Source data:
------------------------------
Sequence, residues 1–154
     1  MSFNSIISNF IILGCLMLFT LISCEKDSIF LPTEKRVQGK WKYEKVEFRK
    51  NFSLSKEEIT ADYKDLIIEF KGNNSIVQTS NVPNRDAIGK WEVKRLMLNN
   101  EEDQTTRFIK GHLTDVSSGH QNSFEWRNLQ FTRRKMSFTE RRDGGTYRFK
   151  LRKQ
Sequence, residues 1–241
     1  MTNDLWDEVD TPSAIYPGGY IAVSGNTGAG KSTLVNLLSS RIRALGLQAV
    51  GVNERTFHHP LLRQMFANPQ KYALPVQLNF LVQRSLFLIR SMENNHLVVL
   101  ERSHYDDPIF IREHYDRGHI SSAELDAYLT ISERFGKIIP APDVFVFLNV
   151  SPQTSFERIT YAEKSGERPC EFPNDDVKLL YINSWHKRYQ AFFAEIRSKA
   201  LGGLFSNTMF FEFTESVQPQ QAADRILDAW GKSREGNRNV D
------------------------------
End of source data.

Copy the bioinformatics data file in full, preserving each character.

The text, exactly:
Sequence, residues 1–154
     1  MSFNSIISNF IILGCLMLFT LISCEKDSIF LPTEKRVQGK WKYEKVEFRK
    51  NFSLSKEEIT ADYKDLIIEF KGNNSIVQTS NVPNRDAIGK WEVKRLMLNN
   101  EEDQTTRFIK GHLTDVSSGH QNSFEWRNLQ FTRRKMSFTE RRDGGTYRFK
   151  LRKQ
Sequence, residues 1–241
     1  MTNDLWDEVD TPSAIYPGGY IAVSGNTGAG KSTLVNLLSS RIRALGLQAV
    51  GVNERTFHHP LLRQMFANPQ KYALPVQLNF LVQRSLFLIR SMENNHLVVL
   101  ERSHYDDPIF IREHYDRGHI SSAELDAYLT ISERFGKIIP APDVFVFLNV
   151  SPQTSFERIT YAEKSGERPC EFPNDDVKLL YINSWHKRYQ AFFAEIRSKA
   201  LGGLFSNTMF FEFTESVQPQ QAADRILDAW GKSREGNRNV D